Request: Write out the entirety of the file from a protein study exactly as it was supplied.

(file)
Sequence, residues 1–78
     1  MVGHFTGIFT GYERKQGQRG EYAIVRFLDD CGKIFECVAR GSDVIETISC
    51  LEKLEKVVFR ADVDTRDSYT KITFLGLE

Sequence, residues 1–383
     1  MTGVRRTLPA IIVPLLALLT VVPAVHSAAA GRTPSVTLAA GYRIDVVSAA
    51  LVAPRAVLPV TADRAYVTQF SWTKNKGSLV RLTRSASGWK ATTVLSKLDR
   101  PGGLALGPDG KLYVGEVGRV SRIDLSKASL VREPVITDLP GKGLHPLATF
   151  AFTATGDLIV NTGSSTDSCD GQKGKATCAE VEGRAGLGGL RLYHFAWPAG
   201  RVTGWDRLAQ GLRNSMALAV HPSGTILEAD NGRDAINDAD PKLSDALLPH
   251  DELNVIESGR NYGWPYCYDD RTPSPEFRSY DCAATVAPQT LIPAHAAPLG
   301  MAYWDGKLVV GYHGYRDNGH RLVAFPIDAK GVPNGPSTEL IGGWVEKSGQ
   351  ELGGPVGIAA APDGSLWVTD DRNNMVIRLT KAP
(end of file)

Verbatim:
Sequence, residues 1–78
     1  MVGHFTGIFT GYERKQGQRG EYAIVRFLDD CGKIFECVAR GSDVIETISC
    51  LEKLEKVVFR ADVDTRDSYT KITFLGLE

Sequence, residues 1–383
     1  MTGVRRTLPA IIVPLLALLT VVPAVHSAAA GRTPSVTLAA GYRIDVVSAA
    51  LVAPRAVLPV TADRAYVTQF SWTKNKGSLV RLTRSASGWK ATTVLSKLDR
   101  PGGLALGPDG KLYVGEVGRV SRIDLSKASL VREPVITDLP GKGLHPLATF
   151  AFTATGDLIV NTGSSTDSCD GQKGKATCAE VEGRAGLGGL RLYHFAWPAG
   201  RVTGWDRLAQ GLRNSMALAV HPSGTILEAD NGRDAINDAD PKLSDALLPH
   251  DELNVIESGR NYGWPYCYDD RTPSPEFRSY DCAATVAPQT LIPAHAAPLG
   301  MAYWDGKLVV GYHGYRDNGH RLVAFPIDAK GVPNGPSTEL IGGWVEKSGQ
   351  ELGGPVGIAA APDGSLWVTD DRNNMVIRLT KAP